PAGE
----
The gala began with an audio-visual presentation of the company’s history. It traced their timeline, from first opening in 1960 under the leadership of Paris-born Charles Lisner, to the contributions made by current Artistic Director Li Cunxin. Celebrating a 60th birthday is quite a milestone, especially after last year. It is even more significant when artistic directors, Kevin McKenzie (American Ballet Theatre), Ben Stevenson (Texas Ballet Theatre), Tamara Rojo (English National Ballet), Carlos Acosta (Birmingham Royal Ballet), Kevin O’Hare (The Royal Ballet), and David Hallberg (The Australian Ballet) filmed personal messages to celebrate the achievement. The inclusion of these messages in the opening of the evening is, in part, a strategic act to impress the audience. But it also comments upon the place and reputation Queensland Ballet has rightfully earned in the international ballet ecology—one that has grown exponentially since Cunxin’s tenure.
After the short film, the production showcased excerpts from the company’s repertoire. The first was “Chopin pas de deux” performed by Mia Heathcote and Joel Woellner. Choreographed by Lisner in 1965, the piece is a romantic visualisation of Chopin’s Concerto no. 2 for Piano in F minor. Heathcote’s sweet radiance matched perfectly with the calm serenity of Woellner. Together, the pair moved effortlessly across the stage. Neneka Yoshida and Camilo Ramos performed a heartbreaking rendition of the Act II pas de deux from François Klaus’s “Cloudland.” Telling the story of a woman who conjures up the spirit of the young lover she lost to war, Yoshida and Ramos were wonderful to watch. The tavern scene from Jacqui Carroll’s “Carmina Burana” injected masculine power and passion into the gala. There were times when the ensemble lost their synchronicity, but when everyone was on the beat, it was a stunning performance. A special mention must go to Liam Geck whose technique and commitment were outstanding.
Next was “The Lady of the Camellias” pas de deux from Act II, choreographed by Harold Collins. First artist Sophie Zoricic and soloist Vito Bernasconi performed the character roles beautifully. Hopefully in the future, these two dancers—Bernasconi in particular—will continue to get the opportunity to refine their characterisation skills further.
The clear highlight of the evening was the “Don Quixote” wedding pas de deux, performed by Yanela Piñera and Patricio Revé. Piñera brought her trademark confidence and cheek to the role of Kitri. She was matched by the bold bravado of Revé—who was promoted to senior soloist only a few nights before. The most delightful part of this pas de deux, however, was the raised left eyebrow that accompanied Revé’s suspended pirouettes and perfectly landed tours. It was if he was asking the audience “oh, did you like that?” and replying immediately afterward with “well, if you keep watching, I might do that again.” Few dancers have the ability to command an audience the way Revé did that night, and it was a wonderous thing to watch.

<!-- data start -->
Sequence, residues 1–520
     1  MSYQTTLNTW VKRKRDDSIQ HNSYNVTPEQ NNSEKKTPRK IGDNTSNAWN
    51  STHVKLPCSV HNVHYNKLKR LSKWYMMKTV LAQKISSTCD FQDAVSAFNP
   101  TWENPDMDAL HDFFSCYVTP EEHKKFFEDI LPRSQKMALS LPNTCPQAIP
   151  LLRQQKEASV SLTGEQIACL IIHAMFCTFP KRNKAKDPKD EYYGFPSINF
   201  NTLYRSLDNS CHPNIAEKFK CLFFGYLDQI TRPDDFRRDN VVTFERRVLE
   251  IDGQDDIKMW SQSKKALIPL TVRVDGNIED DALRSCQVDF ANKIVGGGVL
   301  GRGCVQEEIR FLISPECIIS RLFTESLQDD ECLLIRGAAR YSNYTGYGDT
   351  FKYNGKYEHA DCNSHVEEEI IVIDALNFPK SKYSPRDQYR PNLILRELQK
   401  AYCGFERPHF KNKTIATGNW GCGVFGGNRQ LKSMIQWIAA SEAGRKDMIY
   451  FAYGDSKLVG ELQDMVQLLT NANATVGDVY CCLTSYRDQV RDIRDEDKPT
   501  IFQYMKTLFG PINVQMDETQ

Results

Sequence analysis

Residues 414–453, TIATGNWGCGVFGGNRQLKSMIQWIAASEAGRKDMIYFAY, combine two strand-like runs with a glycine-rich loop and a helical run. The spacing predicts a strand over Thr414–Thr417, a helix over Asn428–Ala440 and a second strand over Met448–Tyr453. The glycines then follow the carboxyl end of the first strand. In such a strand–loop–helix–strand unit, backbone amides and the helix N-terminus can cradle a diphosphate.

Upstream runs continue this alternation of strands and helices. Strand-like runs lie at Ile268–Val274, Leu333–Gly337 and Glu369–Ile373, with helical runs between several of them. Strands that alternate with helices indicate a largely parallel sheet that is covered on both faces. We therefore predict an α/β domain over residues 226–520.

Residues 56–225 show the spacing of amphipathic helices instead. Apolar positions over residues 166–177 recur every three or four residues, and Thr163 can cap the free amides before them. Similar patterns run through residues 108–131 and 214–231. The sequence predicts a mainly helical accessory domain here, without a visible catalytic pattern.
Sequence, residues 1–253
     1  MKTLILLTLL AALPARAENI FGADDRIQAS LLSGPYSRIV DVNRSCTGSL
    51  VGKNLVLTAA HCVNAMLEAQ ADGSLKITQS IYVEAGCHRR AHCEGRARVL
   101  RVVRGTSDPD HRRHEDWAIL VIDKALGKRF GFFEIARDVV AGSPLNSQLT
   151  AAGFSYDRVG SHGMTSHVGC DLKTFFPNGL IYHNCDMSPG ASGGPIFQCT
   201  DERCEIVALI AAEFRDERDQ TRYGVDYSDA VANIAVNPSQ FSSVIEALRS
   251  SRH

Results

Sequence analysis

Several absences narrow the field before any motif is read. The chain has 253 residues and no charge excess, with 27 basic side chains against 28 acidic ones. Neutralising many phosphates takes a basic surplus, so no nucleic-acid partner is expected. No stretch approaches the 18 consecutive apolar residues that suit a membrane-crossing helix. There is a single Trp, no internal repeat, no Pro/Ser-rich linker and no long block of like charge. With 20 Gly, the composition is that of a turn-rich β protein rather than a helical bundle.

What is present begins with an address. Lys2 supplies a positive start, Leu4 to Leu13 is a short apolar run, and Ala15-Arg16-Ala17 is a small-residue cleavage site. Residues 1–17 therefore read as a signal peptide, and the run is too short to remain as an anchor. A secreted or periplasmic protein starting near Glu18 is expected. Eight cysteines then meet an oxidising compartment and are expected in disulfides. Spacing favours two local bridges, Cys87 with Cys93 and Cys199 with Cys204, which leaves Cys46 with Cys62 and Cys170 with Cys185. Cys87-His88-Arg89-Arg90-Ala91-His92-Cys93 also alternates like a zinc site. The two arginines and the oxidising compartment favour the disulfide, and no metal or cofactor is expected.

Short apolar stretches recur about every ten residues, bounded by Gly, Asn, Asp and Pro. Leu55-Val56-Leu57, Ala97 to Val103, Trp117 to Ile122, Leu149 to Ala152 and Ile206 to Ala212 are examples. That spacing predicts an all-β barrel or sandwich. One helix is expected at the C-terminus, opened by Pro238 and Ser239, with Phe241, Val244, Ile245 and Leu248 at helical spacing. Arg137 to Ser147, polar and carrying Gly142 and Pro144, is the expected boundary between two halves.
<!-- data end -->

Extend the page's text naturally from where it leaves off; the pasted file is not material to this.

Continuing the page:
The gala concluded with Harald Lander’s “Études.” This is the first time Queensland Ballet has performed the iconic work and the decision by Cunxin to include it in the program suggests where he wishes to take the company in the future. The importance of “Études” does not lie in its content or choreography but in its genre. Lander’s ballet is a one-act abstract work—a genre that Brisbane audiences only get consume on rare occasions. We are, on the other hand, extremely familiar with the full-length story ballet. So much so, that it has become an unspoken requirement for companies who decide to tour here. In 2017, the Royal Ballet performed “The Winter’s Tale.” In 2018, La Scala Ballet presented “Don Quixote” and “Giselle.” In 2019, the Bolshoi Ballet brought “Spartacus.” We have also, for quite a long time, been the test audience for new works that will later be shown in Sydney and Melbourne. So, to have “Études” on the programme was a welcome delight. Through it, Cunxin delivers an important message to his audience. He acknowledges the success that Queensland Ballet has had since his appointment, but also promises to evolve and expand the company’s repertoire beyond the confines of the story ballet.